The Anthropocene is a proposed geological epoch to illustrate the inseparability between human actions – starting with the Industrial Revolution – and planetary phenomena such as climate change, global warming and extreme meteorological events. Global capitalism has reacted to the Anthropocene with a hypermodern response, deploying instruments such as carbon markets, the development of emerging technologies to control and manage solar radiation, and multiple legal and bureaucratic devices that increase the North/South divide, naturalising the extractivist drive of global capitalism.
The Anthropocene marks a new phase of global capitalism, in which nature and terrestrial systems are turned into commodities, creating new challenges for social movements. While the meta-narrative of climate change mobilises governments and supranational institutions to promote the hegemony of planetary capitalism, social movements have to resort to scientific and technical expertise to justify their struggles.
The Western technological and scientific matrix is strongly linked to the expansion of capitalism. Escaping the narrative of green capitalism is a complex challenge, as it manifests itself through apparently emancipatory material politics enlisting renewable energies, electric cars and “sustainable” forms of consumption. The very resistance of populist regimes – as in Brazil and the United States – to recognising the climate emergency reinforces the technical-scientific narrative that sustains these new forms of capitalism, making it all the more difficult to adopt alternative ecologies of knowledge.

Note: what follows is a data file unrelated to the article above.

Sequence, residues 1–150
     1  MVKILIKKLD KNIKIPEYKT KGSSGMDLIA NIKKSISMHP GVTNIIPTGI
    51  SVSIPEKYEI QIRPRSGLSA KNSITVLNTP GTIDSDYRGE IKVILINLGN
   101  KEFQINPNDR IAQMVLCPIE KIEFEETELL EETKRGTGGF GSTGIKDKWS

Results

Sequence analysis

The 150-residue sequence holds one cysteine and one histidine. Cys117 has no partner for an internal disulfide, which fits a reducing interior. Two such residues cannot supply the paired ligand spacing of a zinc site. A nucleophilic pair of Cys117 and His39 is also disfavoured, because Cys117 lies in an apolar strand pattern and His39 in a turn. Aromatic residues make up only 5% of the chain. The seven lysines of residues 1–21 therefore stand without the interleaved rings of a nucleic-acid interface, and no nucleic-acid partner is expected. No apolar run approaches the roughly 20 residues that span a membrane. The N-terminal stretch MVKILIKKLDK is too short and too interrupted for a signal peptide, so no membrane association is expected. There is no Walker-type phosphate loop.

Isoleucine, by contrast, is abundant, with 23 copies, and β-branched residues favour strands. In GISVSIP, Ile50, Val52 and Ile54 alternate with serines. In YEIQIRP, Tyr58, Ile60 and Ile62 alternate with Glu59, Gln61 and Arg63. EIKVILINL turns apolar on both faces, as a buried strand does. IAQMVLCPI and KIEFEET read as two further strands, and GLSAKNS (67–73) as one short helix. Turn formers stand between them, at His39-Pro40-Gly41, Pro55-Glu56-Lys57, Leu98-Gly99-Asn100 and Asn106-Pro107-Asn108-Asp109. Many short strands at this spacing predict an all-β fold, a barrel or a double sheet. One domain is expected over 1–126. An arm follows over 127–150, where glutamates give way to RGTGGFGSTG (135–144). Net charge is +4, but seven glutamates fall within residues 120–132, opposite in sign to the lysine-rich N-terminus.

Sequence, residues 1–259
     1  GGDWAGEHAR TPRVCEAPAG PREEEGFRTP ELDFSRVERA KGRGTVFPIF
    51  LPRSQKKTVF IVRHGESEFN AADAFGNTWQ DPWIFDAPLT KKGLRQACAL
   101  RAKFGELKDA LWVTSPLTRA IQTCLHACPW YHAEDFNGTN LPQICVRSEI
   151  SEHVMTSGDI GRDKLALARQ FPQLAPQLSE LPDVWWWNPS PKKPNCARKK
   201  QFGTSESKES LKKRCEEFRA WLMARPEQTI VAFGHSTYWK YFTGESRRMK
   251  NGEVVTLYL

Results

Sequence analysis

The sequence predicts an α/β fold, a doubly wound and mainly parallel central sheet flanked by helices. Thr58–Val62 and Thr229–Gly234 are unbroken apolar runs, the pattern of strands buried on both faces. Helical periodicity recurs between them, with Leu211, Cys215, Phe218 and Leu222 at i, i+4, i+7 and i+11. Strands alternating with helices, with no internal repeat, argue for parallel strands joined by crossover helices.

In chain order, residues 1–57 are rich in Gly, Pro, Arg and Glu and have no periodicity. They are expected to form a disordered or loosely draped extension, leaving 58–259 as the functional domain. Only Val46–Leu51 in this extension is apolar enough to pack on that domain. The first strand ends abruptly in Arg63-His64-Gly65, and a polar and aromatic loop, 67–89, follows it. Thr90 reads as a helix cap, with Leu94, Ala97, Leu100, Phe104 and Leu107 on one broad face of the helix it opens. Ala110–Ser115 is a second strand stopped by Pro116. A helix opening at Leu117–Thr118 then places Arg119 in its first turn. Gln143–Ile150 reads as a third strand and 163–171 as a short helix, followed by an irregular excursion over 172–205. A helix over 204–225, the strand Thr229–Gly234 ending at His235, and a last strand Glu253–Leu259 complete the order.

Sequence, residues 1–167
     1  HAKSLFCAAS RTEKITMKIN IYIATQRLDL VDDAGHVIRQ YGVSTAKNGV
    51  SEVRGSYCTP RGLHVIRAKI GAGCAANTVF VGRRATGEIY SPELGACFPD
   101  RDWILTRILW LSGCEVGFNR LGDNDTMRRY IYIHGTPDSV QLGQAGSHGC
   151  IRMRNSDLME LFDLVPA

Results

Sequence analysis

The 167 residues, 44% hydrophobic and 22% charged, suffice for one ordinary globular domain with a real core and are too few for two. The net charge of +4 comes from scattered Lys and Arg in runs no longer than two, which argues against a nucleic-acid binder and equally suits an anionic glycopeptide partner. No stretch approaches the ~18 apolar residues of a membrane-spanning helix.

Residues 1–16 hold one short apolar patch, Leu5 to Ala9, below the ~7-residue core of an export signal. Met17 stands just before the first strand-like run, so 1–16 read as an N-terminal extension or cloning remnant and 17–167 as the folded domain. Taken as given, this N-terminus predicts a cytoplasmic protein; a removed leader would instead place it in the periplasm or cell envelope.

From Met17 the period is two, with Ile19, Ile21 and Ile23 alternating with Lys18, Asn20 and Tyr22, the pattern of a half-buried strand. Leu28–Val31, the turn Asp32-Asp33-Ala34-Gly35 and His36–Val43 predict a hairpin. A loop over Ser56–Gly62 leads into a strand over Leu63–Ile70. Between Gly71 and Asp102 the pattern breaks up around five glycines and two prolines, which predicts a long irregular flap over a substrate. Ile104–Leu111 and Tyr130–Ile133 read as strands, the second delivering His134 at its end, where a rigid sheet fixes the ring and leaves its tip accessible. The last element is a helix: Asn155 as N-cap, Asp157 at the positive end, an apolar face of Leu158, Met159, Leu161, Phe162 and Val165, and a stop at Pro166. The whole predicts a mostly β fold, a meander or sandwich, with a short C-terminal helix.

Social movements must critically position themselves in face of the transition to low-carbon societies, bearing in mind that the climate change narrative should not naturalize top-down decision-making processes. Also fundamental is the establishment of bridges with collectives from the global South, thus decentring the Anthropocene from its white and Western matrix, bringing visibility to the experiences and narratives of those who are actually affected by climate change.
Furthermore, it is urgent to involve “lay citizens” in participatory exercises regarding technological solutions aimed at addressing the Anthropocene, such as geoengineering. This will help avoid the trap of double delegation, which hinders citizens’ ability to have an impact on the design of contemporary sociotechnical assemblages.
The social sciences should focus on analysing the material politics of climate change and related transitions, abandoning a dualistic heuristic matrix that does not take into account the material agency of non-humans. In light of this, new ontologies and methodologies need to be developed to pave the way for wider forms of political participation beyond the human.How to cite: Carvalho, António (2020), "Anthropocene", Words beyond the pandemic: a hundred-sided crisis. Consulted at 13.04.2021, in https://ces.uc.pt/publicacoes/palavras-pandemia/?lang=2&id=30226. ISBN: 978-989-8847-28-7